Minn. Stat. § 336.9-306(2) (1998).
The security interest in proceeds is a continuously perfected security interest if the interest in the original collateral was perfected but it ceases to be a perfected security interest and becomes unperfected 20 days after receipt of the proceeds by the debtor unless * * *
(b) a filed financing statement covers the original collateral and the proceeds are identifiable cash proceeds * * * .
Minn. Stat. § 336.9-306(3) (1998).
Midwest does not dispute that it originally had a perfected security interest in the Fetts' crop, and the record demonstrates that Midwest filed a financing statement with the Minnesota Secretary of State. Further, the sale proceeds were identifiable. Midwest itself delineates in its brief the exact amounts of the crop payments. Therefore, after the Fetts sold their crop, Midwest retained a security interest in the crop and its proceeds.
Midwest next argues that the rule that settlement between a secured party and a debtor discharges the liability of third parties does not apply here because Midwest did not receive any proceeds from the settlement agreement. Midwest asserts that it is entitled to, at least, "one" recovery.
Settlement agreements are binding contracts. Chalmers v. Kanawyer, 544 N.W.2d 795, 797 (Minn. App. 1996). A valid contract cannot be formed absent consideration. Id. at 798. Midwest has not sought to vacate the settlement agreement for lack of consideration. Midwest cannot now insist that it is entitled to recovery from respondents because the settlement agreement did not give them a specific dollar amount. As respondents note, the settlement agreement specifically states, "NOW, THEREFORE, for valuable consideration, the parties, intending to be legally bound, agree as follows * * * ." Additionally, Midwest states in its complaint filed against the Fetts in bankruptcy court that Midwest, which was doing business as United Agri Products (UAP), was a wholly owned subsidiary of United Agra Products, which was, in turn, a wholly owned subsidiary of ConAgra, Inc. According to the settlement agreement, ConAgra will receive $80,000 from the Fetts.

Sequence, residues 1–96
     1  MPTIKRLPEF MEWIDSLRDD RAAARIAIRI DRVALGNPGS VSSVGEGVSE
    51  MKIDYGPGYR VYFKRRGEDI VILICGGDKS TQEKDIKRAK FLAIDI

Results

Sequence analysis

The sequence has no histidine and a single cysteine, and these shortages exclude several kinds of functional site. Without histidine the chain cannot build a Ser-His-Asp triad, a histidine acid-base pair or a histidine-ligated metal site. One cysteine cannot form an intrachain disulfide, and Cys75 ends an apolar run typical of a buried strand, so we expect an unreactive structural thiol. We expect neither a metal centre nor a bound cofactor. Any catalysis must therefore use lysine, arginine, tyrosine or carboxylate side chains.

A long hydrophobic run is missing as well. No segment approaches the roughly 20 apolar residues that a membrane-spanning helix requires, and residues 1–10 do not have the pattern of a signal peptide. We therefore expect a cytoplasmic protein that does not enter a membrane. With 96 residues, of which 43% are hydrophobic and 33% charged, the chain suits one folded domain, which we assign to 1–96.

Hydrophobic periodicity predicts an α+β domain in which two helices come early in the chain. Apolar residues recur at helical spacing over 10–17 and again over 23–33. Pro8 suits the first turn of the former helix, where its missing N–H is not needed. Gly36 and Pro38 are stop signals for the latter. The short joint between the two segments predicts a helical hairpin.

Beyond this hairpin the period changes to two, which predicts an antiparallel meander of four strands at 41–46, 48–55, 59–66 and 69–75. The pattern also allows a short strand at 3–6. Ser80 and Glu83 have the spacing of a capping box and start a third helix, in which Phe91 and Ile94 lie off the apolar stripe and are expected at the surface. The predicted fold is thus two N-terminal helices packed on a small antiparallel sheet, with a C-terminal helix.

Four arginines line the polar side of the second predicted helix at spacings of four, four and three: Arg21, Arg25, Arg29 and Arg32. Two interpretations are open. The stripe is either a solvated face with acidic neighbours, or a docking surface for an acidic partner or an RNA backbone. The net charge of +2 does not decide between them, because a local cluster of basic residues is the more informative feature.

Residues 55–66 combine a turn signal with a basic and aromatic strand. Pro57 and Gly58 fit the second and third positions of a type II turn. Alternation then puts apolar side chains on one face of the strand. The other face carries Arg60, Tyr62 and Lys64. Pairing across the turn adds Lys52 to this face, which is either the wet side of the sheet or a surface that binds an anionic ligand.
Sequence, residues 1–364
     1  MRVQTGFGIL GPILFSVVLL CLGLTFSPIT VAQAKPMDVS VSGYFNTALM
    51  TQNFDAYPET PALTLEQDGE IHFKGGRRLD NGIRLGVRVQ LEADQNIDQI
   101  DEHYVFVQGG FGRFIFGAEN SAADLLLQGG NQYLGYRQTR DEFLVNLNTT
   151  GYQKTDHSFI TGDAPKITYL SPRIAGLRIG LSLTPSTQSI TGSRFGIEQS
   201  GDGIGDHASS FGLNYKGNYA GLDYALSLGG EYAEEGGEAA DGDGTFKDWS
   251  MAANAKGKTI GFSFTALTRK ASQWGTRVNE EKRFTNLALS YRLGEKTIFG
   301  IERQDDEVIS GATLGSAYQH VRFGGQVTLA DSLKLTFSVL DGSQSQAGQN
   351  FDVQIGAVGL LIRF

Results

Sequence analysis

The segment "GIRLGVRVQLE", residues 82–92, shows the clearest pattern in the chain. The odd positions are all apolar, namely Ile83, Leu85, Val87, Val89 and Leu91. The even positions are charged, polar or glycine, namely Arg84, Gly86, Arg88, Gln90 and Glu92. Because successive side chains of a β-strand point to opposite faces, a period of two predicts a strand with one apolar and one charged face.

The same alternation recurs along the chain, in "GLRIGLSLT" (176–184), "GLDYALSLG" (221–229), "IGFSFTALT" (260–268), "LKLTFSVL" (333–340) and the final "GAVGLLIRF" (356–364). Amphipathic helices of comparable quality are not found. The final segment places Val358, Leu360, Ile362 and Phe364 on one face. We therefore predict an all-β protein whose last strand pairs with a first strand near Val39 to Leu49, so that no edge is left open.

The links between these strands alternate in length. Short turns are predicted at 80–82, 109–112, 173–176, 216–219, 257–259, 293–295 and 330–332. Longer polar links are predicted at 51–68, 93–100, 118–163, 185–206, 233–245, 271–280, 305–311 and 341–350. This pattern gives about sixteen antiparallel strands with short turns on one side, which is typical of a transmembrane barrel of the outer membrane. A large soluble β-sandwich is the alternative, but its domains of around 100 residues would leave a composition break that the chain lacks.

Midwest's final argument is that the purpose of the rule that a settlement between a secured party and a debtor discharges third parties' liabilities will not be served in this case. Midwest insists that the purpose of this rule is to prevent a secured party from destroying a third party's indemnification right and then continuing to maintain a claim against that same third party. Midwest contends that respondents destroyed their own indemnification claims against the Fetts by failing to intervene in the bankruptcy action.
Midwest cites no authority in support of its interpretation of the purpose behind the rule. Further, rules may have more than one purpose. For example, the rule also prevents a creditor from receiving two recoveries. See Farmers State Bank, 457 N.W.2d at 766 (stating bank, having settled with farmers, had already received one satisfaction and was not entitled to more).
The district court did not err in granting respondents summary judgment. Midwest entered into a settlement agreement with the Fetts, and this settlement agreement discharged respondents' liability. See id. (holding secured party's claims against crop purchasers extinguished by settlement between secured party and farmers).
[*] Retired judge of the Minnesota Court of Appeals, serving by appointment pursuant to Minn. Const. art. VI, § 10.